All those casual games you've been playing on the web, either for free or at a cheap premium, are finding a home on the casual-friendly Nintendo DS platform. Cake Mania might not look familiar to console gamers, but a gazillion downloads off the web should be a good indication that it's got a certain gaming appeal. Majesco was right there at the pouncing for publishing rights, and the original PC game got the dual-screen, touch screen makeover in record time. The entirety of the game's charm has certainly been retained in the portable conversion, and its gameplay core is deceptively frantic and challenging. It's just a shame that there's not much else beyond its rising difficulty curve.
The challenge is simply to keep up with the demand of your customers. They'll wander in for some cake since that's pretty much all you're selling. Customers need to be attended to as quickly as possible or they'll get ticked off and leave; it's about keeping an eye on their needs and making sure they leave happy enough to pay for the cakes and offer some tips. New customers need menus so they can place an order. When they do, you need to make the specific cake they're ordering: shape, frosting color, and decoration all must be perfect or they won't take it -- if that happens you'll have to toss the pastry away and eat the cost...and risk not making enough to reach the level's quota.
Cake Mania could be considered a game design inspired by some of the classics out there. It's one part Root Beer Tapper and one part Pressure Cooker, all handled by the simplicity of touch-screen control. The original PC game was entirely click-based, so having the design move to the DS makes a whole lot of sense since the stylus replaces the mouse icon oh-so-well. Tap on the customer, tap on the cake shape, tap on the frosting color, tap on the decoration. The game will queue up your tasks in order so you can keep up with the mob of grannies, jocks, and Easter bunnies pushing through your front door.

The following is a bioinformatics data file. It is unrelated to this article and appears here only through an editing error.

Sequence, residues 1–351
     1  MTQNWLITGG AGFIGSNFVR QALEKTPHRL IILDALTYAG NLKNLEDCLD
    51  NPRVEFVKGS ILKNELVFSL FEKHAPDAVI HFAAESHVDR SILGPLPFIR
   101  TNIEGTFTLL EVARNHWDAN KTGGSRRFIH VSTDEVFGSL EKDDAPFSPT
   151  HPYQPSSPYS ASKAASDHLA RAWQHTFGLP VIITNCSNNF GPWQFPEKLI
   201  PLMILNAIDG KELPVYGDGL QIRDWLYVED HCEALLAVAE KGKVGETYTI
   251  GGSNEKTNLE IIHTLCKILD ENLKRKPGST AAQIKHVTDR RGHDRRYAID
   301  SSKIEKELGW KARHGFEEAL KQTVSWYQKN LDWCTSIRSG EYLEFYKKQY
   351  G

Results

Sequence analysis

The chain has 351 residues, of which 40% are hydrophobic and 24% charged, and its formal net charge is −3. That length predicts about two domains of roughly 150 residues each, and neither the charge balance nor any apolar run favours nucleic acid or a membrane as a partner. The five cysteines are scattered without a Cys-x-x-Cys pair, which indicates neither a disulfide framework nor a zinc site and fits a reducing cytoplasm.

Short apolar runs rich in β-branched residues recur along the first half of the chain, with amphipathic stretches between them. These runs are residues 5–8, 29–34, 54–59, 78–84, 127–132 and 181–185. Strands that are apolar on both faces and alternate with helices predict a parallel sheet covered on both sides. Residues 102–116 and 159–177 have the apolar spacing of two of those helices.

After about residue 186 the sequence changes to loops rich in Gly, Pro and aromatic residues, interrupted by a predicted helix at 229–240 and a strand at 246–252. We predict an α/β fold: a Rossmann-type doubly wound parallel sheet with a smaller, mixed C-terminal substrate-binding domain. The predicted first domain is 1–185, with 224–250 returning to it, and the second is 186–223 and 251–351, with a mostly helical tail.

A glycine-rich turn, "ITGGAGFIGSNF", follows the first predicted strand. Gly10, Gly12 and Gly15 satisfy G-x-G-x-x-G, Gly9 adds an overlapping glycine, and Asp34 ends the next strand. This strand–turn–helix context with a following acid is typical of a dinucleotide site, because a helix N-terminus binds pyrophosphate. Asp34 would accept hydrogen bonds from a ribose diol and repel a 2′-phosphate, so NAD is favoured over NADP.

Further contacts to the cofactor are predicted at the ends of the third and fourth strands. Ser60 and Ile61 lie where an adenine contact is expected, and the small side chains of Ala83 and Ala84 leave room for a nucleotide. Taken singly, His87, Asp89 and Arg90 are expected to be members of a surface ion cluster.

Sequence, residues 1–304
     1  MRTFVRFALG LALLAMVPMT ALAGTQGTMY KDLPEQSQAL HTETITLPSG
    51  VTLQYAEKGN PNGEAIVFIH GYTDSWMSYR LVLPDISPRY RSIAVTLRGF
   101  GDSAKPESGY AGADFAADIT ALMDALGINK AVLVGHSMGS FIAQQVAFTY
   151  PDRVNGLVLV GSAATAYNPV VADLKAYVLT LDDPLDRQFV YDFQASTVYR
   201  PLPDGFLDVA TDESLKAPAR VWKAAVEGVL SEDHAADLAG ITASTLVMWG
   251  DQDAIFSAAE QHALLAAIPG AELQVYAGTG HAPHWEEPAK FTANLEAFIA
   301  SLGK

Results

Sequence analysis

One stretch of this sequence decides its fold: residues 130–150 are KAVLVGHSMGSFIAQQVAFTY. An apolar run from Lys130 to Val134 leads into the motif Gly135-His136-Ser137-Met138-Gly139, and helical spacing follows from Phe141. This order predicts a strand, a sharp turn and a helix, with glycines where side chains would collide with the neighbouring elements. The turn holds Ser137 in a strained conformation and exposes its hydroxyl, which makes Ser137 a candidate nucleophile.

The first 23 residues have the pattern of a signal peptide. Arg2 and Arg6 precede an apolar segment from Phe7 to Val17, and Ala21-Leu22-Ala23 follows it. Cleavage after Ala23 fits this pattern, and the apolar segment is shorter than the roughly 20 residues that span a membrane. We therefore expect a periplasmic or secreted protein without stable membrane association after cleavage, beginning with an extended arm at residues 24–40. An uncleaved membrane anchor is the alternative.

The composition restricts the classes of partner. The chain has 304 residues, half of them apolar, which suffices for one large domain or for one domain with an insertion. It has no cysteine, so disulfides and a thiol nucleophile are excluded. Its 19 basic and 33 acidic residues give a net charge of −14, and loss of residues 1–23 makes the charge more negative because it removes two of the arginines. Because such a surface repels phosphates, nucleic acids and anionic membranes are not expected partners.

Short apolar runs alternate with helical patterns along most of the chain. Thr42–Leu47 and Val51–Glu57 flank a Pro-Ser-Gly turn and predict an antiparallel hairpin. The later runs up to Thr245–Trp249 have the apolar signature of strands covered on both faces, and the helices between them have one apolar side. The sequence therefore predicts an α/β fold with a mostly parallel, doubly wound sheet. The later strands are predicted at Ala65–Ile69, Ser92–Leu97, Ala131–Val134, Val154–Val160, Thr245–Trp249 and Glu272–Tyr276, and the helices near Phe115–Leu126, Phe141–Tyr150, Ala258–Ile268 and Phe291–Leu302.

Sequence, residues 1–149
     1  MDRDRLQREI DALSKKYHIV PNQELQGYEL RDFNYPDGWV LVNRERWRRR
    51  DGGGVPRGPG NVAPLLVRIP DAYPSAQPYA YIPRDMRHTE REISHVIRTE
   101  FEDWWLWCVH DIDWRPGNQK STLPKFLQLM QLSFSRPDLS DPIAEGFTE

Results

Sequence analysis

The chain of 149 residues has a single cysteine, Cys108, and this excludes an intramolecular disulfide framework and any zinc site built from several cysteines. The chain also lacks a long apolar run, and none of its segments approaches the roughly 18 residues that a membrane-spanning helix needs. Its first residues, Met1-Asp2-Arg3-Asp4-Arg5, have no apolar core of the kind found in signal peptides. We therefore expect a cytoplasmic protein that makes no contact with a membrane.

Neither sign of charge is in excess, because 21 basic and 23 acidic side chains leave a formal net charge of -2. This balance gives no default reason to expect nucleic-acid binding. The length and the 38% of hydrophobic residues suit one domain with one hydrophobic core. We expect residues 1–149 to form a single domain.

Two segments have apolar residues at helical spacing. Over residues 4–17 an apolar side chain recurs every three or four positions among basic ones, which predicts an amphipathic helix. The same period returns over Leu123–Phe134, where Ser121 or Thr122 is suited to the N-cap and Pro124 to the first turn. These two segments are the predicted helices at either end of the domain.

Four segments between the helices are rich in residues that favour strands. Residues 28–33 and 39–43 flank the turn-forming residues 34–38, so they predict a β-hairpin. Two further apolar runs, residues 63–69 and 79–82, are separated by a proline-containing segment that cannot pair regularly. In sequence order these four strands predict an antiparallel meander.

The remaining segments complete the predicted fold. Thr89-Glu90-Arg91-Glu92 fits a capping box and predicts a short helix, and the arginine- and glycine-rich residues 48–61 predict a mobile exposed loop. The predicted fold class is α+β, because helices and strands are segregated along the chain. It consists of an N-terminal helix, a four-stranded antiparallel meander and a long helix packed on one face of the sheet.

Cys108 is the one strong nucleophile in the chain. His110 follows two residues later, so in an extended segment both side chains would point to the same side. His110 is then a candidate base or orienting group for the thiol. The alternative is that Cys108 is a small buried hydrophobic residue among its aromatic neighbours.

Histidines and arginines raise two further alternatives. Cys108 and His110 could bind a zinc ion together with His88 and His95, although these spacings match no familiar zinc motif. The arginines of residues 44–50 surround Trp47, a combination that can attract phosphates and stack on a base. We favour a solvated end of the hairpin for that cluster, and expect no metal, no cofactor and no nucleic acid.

It's a simple idea and simple design with a concept that's easy to grasp. And despite the game's cute and adorable and (for lack of a better word) "girly" visual style it gets tough as balls later in Cake Mania's progression. But there's just not much to it beyond its core gameplay, so the only thing you're really shooting for is the ability to give a harder level a try: essentially tougher to please customers and more demanding cake designs. It's an old-school style of game that has appeal...just in tiny shots. The package needs a little more to it -- even Tapper gave the player a break with a "shell game" challenge between levels. The only breaktime here is a strategy element where you buy additional equipment to keep up with the customers.
The move to the Nintendo DS wasn't entirely clean, though; the touch-screen interface is easy to follow but the small "buttons" are not easy to tap in quick succession. The designers also went with a kitchen that's larger than the display's resolution, which forces important information off-screen when it has to scroll to follow the player's character. The DS developers do put both screens to good use, however, utilizing as much visual real estate as the system offers.
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